10-01-2008 04:10 PM
10-07-2008 08:53 PM
I would buy 6 tomorrow.. 2 for my own laptops, 4 to be given as Christmas presents. Geek @ BB says laptops are outselling desktops 2-to-1 now.
I have a theory that LT THINKS the trackball is not a big seller, when in fact it is so "bullet-proof" (I've owned mine for almost 10 years with NO problems) that people don't need to buy a new 1 every year like all the other mice out there...
10-08-2008 06:06 AM
Most mice don't wear out now a days, as bad as they use too. Most of the reason people replace their mice now is because of new features. People would replace their trackballs just as much if we had feature updates like what has been mentioned in this forum. There hasn't been an update since.... at least 6 years. No wonder sales are drying up. Funny how they are still in places like best buy/ect when you don't see any mice that are over 2 years old there. And space is at a premium. What are the statistics on sales of trackballs?
10-14-2008 08:42 PM
I have used two Kensington Bluetooth Slimblade Trackball/Mouse - both failed, after 9 months for the first and 3 weeks for the second. They didn't seem concerned about the failures nor were they interested in finding out what the failure mode was.
I too contacted Logitech and received the exact same boilerplate "...not interested..." response.
I am now considering buying a USB 'Corded' TrackMan Wheel. If no one is interested in producing a reliable Bluetooth thumb-wheel trackball and the available 'Cordless" trackballs ALL require a USB port, I see no advantage in a RF version - especially after using a RF 'Cordless' mouse and found interference with my Bluetooth keyboard signals.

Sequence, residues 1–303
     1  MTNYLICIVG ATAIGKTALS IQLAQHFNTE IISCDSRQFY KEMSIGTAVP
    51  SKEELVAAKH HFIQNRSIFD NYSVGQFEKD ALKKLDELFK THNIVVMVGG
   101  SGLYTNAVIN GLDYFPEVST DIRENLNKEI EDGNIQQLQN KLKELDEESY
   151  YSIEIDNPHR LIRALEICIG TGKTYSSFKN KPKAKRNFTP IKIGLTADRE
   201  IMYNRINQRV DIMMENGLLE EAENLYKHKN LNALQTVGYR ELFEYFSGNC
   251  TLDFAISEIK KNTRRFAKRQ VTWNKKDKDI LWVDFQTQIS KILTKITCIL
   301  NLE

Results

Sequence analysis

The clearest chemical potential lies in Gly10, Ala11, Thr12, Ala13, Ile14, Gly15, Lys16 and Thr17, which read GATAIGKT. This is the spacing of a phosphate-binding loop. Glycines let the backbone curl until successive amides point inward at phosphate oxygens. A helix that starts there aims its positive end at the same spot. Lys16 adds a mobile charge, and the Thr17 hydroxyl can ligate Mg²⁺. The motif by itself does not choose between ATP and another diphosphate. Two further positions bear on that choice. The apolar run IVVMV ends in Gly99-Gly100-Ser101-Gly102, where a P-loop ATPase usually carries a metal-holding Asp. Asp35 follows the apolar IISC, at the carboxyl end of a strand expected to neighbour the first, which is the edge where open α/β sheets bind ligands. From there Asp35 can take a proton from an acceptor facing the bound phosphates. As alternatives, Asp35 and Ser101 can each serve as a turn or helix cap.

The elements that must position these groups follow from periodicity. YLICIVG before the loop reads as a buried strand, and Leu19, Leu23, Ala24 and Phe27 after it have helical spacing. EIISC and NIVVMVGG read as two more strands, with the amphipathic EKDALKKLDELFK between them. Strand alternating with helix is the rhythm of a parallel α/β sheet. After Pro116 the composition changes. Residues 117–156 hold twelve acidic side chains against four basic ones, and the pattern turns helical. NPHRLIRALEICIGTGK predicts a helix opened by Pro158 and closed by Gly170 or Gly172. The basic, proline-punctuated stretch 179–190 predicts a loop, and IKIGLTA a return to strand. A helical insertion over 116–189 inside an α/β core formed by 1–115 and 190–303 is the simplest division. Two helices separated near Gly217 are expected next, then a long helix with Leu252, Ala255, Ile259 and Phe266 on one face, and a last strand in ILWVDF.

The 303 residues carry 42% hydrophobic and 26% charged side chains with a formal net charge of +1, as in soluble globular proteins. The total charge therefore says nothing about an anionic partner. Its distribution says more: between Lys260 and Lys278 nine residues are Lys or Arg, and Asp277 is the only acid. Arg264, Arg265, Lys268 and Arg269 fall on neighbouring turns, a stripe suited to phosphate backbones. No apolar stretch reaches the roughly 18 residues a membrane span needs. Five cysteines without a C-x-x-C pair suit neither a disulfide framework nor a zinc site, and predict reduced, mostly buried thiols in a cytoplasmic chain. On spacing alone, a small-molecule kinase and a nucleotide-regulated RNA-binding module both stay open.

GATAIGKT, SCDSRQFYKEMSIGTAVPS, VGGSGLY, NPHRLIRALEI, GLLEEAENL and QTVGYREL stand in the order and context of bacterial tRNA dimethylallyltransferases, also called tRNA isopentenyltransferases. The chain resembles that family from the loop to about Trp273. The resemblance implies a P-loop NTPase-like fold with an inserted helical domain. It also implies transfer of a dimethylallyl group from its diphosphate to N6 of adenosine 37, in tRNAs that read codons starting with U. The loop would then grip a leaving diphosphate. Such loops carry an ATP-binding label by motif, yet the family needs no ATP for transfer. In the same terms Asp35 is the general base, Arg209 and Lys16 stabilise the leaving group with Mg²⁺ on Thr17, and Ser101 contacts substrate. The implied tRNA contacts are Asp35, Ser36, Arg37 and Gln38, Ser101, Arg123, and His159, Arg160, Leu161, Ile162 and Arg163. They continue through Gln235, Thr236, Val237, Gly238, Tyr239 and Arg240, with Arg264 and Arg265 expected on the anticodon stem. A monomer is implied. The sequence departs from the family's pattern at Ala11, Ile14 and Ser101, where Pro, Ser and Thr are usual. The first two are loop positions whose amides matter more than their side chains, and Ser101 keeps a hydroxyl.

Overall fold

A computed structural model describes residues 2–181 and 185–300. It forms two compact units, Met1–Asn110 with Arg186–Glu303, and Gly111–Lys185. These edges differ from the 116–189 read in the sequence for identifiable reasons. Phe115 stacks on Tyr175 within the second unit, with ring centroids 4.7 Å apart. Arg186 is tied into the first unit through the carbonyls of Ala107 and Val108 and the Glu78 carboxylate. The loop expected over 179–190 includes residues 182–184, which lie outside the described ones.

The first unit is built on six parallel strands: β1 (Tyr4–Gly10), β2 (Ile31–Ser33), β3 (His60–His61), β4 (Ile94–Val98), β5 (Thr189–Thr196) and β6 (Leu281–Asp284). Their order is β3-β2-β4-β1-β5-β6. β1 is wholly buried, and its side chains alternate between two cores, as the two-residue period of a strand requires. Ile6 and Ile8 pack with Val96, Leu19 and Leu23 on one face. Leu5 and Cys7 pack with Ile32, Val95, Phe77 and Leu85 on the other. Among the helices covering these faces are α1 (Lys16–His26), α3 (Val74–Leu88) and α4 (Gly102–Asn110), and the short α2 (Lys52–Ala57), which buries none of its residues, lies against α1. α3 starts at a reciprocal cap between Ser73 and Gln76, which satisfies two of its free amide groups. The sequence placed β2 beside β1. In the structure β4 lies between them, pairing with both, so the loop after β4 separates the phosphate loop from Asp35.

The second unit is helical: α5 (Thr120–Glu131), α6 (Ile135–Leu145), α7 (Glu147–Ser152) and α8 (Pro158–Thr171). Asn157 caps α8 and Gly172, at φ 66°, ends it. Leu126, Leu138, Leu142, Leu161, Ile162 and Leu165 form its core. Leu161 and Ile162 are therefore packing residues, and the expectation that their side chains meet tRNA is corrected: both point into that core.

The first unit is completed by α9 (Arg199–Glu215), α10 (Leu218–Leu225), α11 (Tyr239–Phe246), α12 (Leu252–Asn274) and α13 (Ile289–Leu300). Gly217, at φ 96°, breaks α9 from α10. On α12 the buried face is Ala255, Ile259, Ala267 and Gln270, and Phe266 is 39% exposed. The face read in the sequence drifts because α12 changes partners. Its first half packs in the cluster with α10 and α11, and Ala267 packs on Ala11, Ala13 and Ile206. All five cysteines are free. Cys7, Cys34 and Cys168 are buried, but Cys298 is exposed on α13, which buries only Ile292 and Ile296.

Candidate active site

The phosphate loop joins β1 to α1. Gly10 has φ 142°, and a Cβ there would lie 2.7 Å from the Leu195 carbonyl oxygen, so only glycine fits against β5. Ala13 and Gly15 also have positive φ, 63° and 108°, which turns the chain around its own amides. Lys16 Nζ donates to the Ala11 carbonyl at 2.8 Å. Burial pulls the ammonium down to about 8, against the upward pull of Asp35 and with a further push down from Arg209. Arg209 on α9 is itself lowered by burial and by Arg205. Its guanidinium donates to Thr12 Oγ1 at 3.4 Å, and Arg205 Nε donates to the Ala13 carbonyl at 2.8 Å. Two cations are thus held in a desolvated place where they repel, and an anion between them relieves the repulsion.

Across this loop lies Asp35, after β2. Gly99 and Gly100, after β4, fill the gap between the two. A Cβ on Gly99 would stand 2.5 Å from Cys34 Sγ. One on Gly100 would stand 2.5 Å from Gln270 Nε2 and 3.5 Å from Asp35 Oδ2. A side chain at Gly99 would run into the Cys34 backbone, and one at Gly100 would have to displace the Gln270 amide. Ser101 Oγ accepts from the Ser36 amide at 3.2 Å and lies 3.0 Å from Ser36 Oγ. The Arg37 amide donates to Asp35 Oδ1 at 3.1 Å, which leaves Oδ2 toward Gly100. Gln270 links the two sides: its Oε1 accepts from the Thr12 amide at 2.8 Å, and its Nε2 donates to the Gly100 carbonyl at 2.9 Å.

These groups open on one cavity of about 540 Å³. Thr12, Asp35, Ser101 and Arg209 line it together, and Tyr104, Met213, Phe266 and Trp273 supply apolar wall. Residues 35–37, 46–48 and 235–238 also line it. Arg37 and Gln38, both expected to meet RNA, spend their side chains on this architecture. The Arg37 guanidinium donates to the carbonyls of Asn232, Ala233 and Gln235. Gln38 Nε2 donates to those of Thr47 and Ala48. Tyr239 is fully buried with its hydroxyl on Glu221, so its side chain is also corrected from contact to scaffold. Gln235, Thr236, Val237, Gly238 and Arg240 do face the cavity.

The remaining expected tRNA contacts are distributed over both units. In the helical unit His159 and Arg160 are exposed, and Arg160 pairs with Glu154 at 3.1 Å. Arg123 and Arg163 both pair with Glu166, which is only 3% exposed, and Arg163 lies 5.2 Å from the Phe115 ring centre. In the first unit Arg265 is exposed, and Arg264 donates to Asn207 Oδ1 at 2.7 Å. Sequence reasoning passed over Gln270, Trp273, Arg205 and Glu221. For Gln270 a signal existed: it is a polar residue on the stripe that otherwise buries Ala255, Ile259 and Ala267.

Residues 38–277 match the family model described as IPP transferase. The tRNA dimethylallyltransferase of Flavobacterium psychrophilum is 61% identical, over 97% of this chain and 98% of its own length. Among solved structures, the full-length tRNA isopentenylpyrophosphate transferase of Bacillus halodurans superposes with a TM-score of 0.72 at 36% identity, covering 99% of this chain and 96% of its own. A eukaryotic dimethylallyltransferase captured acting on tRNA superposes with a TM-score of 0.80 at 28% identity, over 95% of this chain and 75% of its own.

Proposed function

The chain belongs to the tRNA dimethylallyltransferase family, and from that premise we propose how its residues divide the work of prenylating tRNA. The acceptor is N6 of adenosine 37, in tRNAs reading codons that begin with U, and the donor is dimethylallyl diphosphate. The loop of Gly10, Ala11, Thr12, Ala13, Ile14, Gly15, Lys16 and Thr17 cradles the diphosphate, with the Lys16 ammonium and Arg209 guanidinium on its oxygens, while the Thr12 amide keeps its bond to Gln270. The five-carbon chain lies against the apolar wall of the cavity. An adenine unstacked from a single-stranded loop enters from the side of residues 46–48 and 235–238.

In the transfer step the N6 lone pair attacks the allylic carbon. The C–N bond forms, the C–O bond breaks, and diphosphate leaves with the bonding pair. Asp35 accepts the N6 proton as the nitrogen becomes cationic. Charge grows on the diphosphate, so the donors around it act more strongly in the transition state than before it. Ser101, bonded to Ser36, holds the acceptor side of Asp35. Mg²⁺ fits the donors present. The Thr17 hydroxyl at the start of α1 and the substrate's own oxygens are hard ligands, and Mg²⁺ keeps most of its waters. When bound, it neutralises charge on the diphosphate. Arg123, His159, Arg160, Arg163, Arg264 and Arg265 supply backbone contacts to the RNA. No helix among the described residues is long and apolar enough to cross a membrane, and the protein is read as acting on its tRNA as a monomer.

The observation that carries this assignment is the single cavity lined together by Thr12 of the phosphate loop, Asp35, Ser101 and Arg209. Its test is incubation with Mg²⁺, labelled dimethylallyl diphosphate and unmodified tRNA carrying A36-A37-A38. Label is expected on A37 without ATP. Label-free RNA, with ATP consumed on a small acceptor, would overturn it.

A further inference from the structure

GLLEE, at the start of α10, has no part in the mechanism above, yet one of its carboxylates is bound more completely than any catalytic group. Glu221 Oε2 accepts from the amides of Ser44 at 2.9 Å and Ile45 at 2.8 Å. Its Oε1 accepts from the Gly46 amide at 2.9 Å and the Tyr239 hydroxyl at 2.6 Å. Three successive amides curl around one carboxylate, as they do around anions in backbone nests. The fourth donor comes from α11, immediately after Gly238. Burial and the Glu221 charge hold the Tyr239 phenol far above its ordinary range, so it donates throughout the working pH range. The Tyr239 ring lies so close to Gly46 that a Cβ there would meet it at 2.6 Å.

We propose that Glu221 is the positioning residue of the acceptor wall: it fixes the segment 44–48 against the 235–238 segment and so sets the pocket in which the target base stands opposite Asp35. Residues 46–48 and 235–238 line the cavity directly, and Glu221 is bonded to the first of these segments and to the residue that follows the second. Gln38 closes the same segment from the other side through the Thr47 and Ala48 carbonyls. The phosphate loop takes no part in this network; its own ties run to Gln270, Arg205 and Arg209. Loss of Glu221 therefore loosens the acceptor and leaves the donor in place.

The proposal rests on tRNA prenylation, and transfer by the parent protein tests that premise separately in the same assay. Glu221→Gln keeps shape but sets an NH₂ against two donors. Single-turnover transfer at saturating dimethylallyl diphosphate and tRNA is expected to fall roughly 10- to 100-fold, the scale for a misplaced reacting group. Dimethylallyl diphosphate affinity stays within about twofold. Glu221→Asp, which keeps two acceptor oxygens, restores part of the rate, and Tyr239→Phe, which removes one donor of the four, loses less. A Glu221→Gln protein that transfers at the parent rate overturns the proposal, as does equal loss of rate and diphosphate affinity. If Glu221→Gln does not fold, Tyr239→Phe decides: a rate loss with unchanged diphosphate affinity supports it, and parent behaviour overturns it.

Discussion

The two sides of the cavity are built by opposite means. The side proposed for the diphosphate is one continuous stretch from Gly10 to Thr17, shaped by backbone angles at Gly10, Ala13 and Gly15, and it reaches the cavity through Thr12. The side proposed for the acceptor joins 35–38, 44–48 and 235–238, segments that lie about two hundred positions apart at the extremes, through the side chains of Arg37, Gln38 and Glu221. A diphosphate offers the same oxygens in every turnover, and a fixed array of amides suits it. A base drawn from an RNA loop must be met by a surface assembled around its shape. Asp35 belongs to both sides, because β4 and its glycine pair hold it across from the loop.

With the Logitech retail price for the corded TrackMan Wheel (P/N 904353-0403) dropping to $30 and Amazon selling them for $24, it looks like Logitech may be getting out of the trackball field. If this is true, trackball lovers may want to invest in a spare/backup unit just in case.
After years of '...not interested...' replies from Logitech, I've given up on them for a Bluetooth Trackball. I can only hope that someone else produces a reliable Bluetooth Trackball.
11-11-2008 05:54 AM
Just another vote for a high quality bluetooth trackball. In my experience, digital artists use macs and prefer trackballs, macs have bluetooth. RF is almost useless due to the interference, and plugging a big dongle into a usb port defeats the purpose of wireless. Trackballs are great with laptops where you often do not have a good surface to mouse on. Really it can't be hard to make:
1) Add some buttons to the current trackman shell
2) Throw in a bluetooth transmitter from one of your other BT-mice
11-23-2008 08:50 PM
11-26-2008 12:48 PM - edited 11-26-2008 12:56 PM
It is depressing. And I think we're going about it wrong. Obviously, Logitech is either getting out of the trackball business or not interested in cannibalizing an established product line even at what should be relatively low costs for a new product. If the line of thinking is "Logitech doesn't make a bluetooth trackball, then I'll keep using/buying the RF or corded trackball" what is Logitech losing?
I also don't understand how Logitech cannot see the gains. Sure there are research and development costs, but you take the existing shell, remove RF, add Bluetooth, integrate driver code from your other Bluetooth products, (and maybe add a few buttons to help out the agile-fingered), and then you sell it for a premium price that most of us would pay anyway. We don't settle for trackballs, we choose to use them.
They could even follow up with striking a few deals to bundle the best BT trackball as an option with major vendor's laptops at the point of sale.
Alas, I don't see that happening, not with a 2 1/2 year thread and only one post from a Logitech support person who disgraces the thread by not even attempting to assist the company's customers by trying to ferret out information that will affect their customer's purchasing decisions. So instead of threads about converting old/current Logitech products to bluetooth, we should go in the direction of finding non-Logitech products that do-it-yourselfers can make into decent bluetooth trackballs.
11-27-2008 07:37 AM
Personally I think we've already gotten our answer. Logitech just isn't going to build a bluetooth, (or small transmitter), Trackball.
If I had the know how to build one myself or convert an existing one I'd sure try, but that's way out of my league...
I think it's time to approach some of the other companies and see if they would consider building them. And of course linking the requests to the other companies back to this thread.